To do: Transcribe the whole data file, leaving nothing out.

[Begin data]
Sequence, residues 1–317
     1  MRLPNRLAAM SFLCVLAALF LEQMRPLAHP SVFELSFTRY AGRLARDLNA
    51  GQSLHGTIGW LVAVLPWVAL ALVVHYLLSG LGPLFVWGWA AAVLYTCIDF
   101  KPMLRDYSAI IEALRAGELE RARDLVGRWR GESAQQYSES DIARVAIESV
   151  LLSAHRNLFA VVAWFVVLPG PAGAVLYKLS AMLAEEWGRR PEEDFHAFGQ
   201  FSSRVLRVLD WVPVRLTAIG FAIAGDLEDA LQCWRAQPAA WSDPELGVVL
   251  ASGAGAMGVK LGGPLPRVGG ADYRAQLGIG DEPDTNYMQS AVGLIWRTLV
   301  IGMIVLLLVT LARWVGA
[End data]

Sequence, residues 1–317
     1  MRLPNRLAAM SFLCVLAALF LEQMRPLAHP SVFELSFTRY AGRLARDLNA
    51  GQSLHGTIGW LVAVLPWVAL ALVVHYLLSG LGPLFVWGWA AAVLYTCIDF
   101  KPMLRDYSAI IEALRAGELE RARDLVGRWR GESAQQYSES DIARVAIESV
   151  LLSAHRNLFA VVAWFVVLPG PAGAVLYKLS AMLAEEWGRR PEEDFHAFGQ
   201  FSSRVLRVLD WVPVRLTAIG FAIAGDLEDA LQCWRAQPAA WSDPELGVVL
   251  ASGAGAMGVK LGGPLPRVGG ADYRAQLGIG DEPDTNYMQS AVGLIWRTLV
   301  IGMIVLLLVT LARWVGA